I'm not sure if this is what you're after, but there is an E. coli mutant
strain, AD494, that allows intercellular disulfide bond formation. See
Derman, et al (1993), Science vol 262:1744. It can be purchased from
Novogen. As far as protease problems go, check out the chapter by Beynon &
Oliver in Methods in Molecular Biology Vol 59: Protein Purification Protocols
(1996; ed S Doonan, Humana Press). In short, just because you add PMSF or any
other protease inhibitor, doesn't mean you still don't have a problem.
Hope this helps, good luck
p.j. van santbrink (santbrin at CHEM.LEIDENUNIV.NL) wrote:
: Dear fellow netters
: Using the pGEX system from Pharmacia I'am trying to
: isolate a eucaryotic protein with many cysteines.
: I've succeeded in getting most of the fusion protein
: in the soluble fraction of my cell lysate (after growing
: the bugs for 2 hours at 370C I induce with 0,5 mM
: IPTG at 300C for 2 hours in the presence of 2.5 mM
: Betaine and 0,1 M Sorbitol in normal LB-medium). I'am also
: able to purify the fusion protein with the glutathion beads.
: My questions are:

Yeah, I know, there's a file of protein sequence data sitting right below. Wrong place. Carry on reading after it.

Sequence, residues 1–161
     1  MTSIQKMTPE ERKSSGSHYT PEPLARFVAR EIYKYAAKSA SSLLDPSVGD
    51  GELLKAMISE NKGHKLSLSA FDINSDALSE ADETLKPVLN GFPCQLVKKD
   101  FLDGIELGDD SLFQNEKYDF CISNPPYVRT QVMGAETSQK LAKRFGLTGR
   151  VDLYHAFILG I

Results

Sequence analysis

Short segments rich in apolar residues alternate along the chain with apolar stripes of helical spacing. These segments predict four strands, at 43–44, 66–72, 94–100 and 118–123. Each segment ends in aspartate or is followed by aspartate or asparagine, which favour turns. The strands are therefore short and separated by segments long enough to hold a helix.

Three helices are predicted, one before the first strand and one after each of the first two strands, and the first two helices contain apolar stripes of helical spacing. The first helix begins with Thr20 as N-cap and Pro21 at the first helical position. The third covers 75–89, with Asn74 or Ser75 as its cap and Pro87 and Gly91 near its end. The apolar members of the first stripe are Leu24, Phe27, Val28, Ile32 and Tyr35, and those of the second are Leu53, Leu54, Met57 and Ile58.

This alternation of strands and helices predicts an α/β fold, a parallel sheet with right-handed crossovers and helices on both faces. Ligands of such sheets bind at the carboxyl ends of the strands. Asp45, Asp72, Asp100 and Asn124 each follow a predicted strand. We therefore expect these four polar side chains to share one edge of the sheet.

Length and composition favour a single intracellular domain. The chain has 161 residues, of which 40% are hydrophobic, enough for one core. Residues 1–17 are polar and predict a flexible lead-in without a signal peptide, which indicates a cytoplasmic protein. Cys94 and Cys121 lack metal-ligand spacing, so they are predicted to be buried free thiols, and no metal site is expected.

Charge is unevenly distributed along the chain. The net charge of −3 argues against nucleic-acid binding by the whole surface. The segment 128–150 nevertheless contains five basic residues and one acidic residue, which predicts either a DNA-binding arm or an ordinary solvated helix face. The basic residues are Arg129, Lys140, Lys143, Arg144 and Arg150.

: - is it true that with this isolation procedure (using pGEX
: vector system and the above mentioned conditions) the SS bonds
: are not formed?
: - if this is the case (and I think so because I've recently read
: that these bonds are only formed in the periplasm), is there a
: way to fold the protein after isolation in a CORRECT manner (
: this is essential because I have to perform binding studies with
: the fusion protein)?
: - when I bring the fusion protein on SDS PAGE gel (add part of lysate
: to loading buffer - 0,1 % SDS + mercaptoethanol-, heat 5' 950C) the
: location of the band is to low (at 35kD and should be at 45 kD); is
: there a explanation (I use PMSF troughout the isolation)?
: I hope someone out there in cyberspace and beyond can help me.
: Peter van Santbrink
: Division of Biopharmaceutics
: University of Leiden
: The Netherlands